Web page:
© 2024 WFSU Public Media
WFSU News · Tallahassee · Panama City · Thomasville
Play Live Radio
Next Up:
0:00 0:00
Available On Air Stations

Getting Closure Over Dozier: How One Family's Story Keeps Hope Alive For Others

Michael Dye
University of South Florida

The recent ID of the first set of remains of a boy buried on the property of the now-closed Dozier School for Boys in Marianna has helped bring one family closer to closure—some 70 years after the death. And, it’s also helping to keep hope alive for other families awaiting similar answers.

“Ordinarily anybody who knows me, knows I’m never at a shortage to talk. But, I have to say that when Erin [Kimmerle] came to visit me and she revealed to me that they had found my brother, I was totally dumbstruck, said Ovell Krell.

It’s been more than a week since the 85-year-old heard the news from Lead University of South Florida Researcher Erin Kimmerle that the remains of her brother, 14-year-old George Owen Smith, have been identified.

It’s the first big step Kimmerle and her team have now taken to help bring closure to families looking for answers into their loved ones believed to be buried on the grounds of the Dozier School for Boys—the former panhandle reform school surrounded by a history of alleged physical and sexual abuse.

In January, Kimmerle’s team announced the discovery of the remains of 55 bodies so far—more than previously thought by the state. Krell is one of nine families that have come forward so far to give their DNA in the hopes of finding a positive match, and Krell is the first—a moment she says she never thought to see in her lifetime.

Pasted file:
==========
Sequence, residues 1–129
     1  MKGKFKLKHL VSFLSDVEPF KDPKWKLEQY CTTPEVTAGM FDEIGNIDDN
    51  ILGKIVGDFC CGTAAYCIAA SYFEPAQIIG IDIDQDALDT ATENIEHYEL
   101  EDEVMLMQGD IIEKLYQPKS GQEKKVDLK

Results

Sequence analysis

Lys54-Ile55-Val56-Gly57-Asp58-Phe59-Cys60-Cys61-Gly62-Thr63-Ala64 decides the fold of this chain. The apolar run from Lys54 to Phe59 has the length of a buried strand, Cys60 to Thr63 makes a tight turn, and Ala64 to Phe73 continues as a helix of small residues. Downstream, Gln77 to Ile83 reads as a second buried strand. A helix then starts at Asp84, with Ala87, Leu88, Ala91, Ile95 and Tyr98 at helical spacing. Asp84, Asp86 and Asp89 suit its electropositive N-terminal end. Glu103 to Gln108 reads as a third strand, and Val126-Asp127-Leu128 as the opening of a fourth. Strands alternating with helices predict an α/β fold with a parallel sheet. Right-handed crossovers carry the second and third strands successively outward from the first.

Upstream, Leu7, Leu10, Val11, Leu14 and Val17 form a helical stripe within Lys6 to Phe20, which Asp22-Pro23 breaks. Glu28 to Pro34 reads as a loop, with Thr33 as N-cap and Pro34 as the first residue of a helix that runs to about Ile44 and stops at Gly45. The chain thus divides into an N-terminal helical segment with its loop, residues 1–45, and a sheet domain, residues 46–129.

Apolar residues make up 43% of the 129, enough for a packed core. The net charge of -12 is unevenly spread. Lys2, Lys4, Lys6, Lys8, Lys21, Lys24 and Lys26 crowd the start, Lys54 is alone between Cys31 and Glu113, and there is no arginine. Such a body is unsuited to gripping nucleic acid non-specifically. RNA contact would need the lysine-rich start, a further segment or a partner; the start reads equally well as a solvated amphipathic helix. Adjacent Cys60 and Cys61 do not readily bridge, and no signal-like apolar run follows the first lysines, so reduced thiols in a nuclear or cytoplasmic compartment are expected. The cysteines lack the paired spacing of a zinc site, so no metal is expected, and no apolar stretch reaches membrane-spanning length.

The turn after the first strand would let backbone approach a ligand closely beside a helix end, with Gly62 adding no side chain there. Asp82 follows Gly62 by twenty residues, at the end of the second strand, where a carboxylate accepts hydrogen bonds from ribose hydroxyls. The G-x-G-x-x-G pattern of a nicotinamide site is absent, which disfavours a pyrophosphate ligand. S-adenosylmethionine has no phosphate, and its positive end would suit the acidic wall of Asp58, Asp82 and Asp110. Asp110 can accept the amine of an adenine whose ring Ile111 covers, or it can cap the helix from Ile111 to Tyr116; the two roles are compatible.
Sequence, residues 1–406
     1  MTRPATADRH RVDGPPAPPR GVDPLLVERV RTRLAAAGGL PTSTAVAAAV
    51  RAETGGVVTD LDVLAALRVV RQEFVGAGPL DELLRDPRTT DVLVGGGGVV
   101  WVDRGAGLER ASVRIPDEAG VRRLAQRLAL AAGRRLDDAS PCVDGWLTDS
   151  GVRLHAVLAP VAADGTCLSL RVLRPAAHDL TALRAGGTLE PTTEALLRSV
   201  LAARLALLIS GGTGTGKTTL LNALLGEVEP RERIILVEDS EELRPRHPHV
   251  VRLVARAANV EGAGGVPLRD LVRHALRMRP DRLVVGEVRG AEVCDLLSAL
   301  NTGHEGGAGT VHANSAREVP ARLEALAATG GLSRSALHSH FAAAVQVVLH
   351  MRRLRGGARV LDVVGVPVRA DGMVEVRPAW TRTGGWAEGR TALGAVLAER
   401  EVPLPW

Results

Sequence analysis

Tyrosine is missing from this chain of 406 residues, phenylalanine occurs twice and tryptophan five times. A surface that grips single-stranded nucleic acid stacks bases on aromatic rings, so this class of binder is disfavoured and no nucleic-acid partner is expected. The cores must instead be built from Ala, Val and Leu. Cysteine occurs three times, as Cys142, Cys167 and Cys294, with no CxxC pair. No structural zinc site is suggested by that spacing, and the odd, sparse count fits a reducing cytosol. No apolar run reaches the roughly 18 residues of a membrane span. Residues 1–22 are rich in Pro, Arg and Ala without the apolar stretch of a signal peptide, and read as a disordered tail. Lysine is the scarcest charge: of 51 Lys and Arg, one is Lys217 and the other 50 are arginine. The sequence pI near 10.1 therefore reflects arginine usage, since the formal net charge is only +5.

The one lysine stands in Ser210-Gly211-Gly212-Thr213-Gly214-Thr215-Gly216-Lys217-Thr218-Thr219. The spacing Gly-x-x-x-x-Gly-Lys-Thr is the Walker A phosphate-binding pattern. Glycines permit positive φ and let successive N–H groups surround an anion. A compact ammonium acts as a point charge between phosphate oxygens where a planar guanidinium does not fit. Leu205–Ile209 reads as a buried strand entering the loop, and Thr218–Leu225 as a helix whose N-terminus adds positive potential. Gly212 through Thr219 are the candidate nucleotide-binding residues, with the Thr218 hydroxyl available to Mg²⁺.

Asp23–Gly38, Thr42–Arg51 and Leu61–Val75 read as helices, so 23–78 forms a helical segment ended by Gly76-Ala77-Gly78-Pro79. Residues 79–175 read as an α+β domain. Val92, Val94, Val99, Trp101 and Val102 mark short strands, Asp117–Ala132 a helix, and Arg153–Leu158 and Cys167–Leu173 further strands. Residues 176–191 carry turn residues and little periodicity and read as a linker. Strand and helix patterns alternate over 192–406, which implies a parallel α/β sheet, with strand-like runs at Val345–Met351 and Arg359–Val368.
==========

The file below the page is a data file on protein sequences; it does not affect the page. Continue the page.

“I couldn’t believe it after 73 and a half years of fighting and looking and hoping and praying, and I was searching for him, not only out of my love, but for a vow I made my mother and father on their death beds that I would find my brother if it’s in my power…I would look ‘til I died,” added Krell. Well, I’m not dead, but there were times I wondered if after this many years, I was going to find him before I did because Mother Nature has a way of getting ya.”

Researcher Kimmerle says the circumstances surrounding Owen’s death are still a mystery. His last known location after corresponding with his family via letters was Dozier. The family was later notified that Owen’s body was mysteriously found under a house, and later taken back by the school. According to Krell, the family was told he was buried on the grounds of Dozier at an unmarked grave, but they never knew if it was true.

“We see from the remains of his shallow burial an unclothed boy pinned in a shroud, lying on his side along the edge of his grave. It was a hasty burial,” said Kimmerle, speaking during a recent press conference about the official announcement.

Now, Kimmerle says after finding those answers, Krell’s story is an inspiring one.

“Ovell teaches us that it’s never too late for courage, and that we have everything when we have hope. It is our hope that this is the first of many identifications to come,” said Krell. “Through the next years, we continue to work with state leaders to address this dark chapter of our history. We hope to restore justice and continue to find resolutions for all of the families searching for answers, such as a Glen Varnadoe, who is also with us today.”